Data just released by the European Centre for Disease Prevention and Control (ECDC) and the European Food Safety Authority (EFSA) reveal that antimicrobials used to treat diseases that can be transmitted between animals and humans, such as Campylobacteriosis and Salmonellosis, are becoming less effective.
Vytenis Andriukaitis, EU Commissioner for Health and Food Safety, said: “The report released today should ring – again – alarm bells. It shows that we are entering into a world where more and more common infections become difficult – or even sometimes impossible – to treat. However, ambitious national policies in some countries limiting antimicrobial use have led to a decrease of antimicrobial resistance.
“So before the alarm bells become a deafening siren, let’s make sure that we increasingly act all together, in every country and across the public health, animal health and environment sectors under the One Health approach umbrella.”
According to the report, which refers to 2017 data, resistance to fluoroquinolones (such as ciprofloxacin) is so high in Campylobacter bacteria in some countries that these antimicrobials no longer work for the treatment of severe Campylobacteriosis cases.
Most countries reported that Salmonella in humans is increasingly resistant to fluoroquinolones. Multidrug resistance (resistance to three or more antimicrobials) is high in Salmonella found in humans (28.3 percent) and animals, particularly in S.Typhimurium.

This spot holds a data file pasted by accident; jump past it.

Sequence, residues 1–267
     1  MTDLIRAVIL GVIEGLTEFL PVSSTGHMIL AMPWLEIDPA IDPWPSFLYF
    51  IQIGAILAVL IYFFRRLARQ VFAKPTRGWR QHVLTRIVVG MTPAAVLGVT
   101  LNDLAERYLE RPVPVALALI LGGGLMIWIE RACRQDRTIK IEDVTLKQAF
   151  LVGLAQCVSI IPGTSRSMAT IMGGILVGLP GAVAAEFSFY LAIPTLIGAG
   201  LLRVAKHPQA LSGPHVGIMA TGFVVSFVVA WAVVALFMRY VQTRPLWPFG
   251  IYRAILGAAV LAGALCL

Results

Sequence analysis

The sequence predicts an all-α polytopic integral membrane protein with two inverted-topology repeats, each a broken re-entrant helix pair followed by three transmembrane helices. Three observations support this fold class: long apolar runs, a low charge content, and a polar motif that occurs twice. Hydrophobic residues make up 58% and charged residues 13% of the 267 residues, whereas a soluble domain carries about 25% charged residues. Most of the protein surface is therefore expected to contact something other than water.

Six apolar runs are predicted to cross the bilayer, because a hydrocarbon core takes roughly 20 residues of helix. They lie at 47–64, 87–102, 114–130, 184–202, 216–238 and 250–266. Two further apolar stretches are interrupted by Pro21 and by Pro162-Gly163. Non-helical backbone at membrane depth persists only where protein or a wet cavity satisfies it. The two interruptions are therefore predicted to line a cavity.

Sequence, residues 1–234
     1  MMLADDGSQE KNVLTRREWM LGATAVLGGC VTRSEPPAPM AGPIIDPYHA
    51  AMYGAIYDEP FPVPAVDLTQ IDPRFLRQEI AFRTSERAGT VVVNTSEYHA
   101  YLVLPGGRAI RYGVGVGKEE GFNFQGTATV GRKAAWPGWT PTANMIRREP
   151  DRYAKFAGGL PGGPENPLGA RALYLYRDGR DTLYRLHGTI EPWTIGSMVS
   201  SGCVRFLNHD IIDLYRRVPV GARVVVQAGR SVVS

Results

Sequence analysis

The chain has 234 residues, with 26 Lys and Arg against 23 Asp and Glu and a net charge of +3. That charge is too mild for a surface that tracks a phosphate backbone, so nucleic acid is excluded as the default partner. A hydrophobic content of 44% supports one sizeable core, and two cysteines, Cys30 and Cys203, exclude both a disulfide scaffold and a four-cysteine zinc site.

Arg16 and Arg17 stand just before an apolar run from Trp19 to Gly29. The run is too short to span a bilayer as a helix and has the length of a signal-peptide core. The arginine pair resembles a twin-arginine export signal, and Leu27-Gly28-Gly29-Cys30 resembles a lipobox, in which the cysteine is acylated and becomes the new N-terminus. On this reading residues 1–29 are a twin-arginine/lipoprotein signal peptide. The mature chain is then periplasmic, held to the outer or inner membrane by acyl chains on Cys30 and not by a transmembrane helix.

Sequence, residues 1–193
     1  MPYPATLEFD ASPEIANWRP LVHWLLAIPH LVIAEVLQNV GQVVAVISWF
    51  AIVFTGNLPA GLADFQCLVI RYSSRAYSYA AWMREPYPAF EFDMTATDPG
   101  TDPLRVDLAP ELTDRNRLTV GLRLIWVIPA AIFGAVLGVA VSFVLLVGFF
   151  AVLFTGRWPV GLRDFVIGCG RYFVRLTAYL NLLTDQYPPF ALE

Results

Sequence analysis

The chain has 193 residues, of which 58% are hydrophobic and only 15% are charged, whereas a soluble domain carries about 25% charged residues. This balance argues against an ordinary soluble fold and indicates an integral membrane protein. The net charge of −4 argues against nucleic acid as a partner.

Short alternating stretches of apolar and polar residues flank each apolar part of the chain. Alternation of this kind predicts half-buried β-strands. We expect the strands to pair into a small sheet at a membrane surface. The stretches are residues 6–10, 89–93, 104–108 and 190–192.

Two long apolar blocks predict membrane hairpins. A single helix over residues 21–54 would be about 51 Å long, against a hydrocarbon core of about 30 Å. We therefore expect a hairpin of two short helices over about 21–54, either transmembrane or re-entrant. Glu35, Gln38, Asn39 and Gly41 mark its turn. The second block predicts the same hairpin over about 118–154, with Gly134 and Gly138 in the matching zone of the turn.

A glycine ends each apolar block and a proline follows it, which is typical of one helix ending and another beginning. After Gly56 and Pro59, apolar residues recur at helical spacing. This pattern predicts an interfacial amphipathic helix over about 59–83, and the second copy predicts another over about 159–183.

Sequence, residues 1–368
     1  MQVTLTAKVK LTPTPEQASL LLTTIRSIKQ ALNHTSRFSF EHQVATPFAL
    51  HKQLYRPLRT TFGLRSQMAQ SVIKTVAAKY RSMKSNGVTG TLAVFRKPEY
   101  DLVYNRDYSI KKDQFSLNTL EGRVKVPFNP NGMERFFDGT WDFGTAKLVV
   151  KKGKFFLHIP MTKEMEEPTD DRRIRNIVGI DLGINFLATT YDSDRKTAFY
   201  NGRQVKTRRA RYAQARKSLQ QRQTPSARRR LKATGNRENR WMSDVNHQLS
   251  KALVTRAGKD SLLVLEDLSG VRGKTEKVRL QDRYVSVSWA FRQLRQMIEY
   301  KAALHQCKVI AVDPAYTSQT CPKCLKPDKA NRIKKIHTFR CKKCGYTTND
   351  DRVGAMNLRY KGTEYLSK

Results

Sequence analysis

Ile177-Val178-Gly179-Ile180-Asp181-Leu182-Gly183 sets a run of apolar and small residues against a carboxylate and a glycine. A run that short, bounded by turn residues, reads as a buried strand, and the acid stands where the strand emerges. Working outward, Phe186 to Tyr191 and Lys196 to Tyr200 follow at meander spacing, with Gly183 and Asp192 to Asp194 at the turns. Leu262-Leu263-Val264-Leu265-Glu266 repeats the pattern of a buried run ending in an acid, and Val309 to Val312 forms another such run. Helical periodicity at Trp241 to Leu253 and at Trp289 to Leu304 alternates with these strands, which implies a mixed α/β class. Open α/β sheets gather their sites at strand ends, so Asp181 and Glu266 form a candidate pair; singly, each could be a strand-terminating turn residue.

In Campylobacter, high to extremely high proportions of bacteria were found to be resistant to ciprofloxacin and tetracyclines. However, combined resistance to critically important antimicrobials was low to very low in Salmonella and Campylobacter from humans and animals, and in indicator E. coli from animals.
“Now is the time to turn the tide on antimicrobial resistance, if we want to keep antibiotics working,” Mike Catchpole, ECDC’s chief scientist, said. “It’s particularly worrying when it comes to combined resistance: even low proportions mean that many thousands of patients across the EU have limited treatment options for severe infections.”
Marta Hugas, EFSA’s chief scientist, said: “We have seen that when Member States have implemented stringent policies, antimicrobial resistance has decreased in animals. Annual reporting by European and national agencies includes noteworthy examples. This should serve as an inspiration for other countries.”
The joint report, which presents the data collected from 28 EU Member States from humans, pigs and calves under one year of age, confirms the rise in antibiotic resistance already identified in previous years.
In June 2017, the European Commission adopted the EU One Health Action Plan against Antimicrobial Resistance, calling for effective action against this threat and recognizing that it needs to be tackled in both human health, animal health and the environment. The prudent use of antimicrobials is essential to limiting the emergence and spread of antibiotic-resistant bacteria in humans and animals.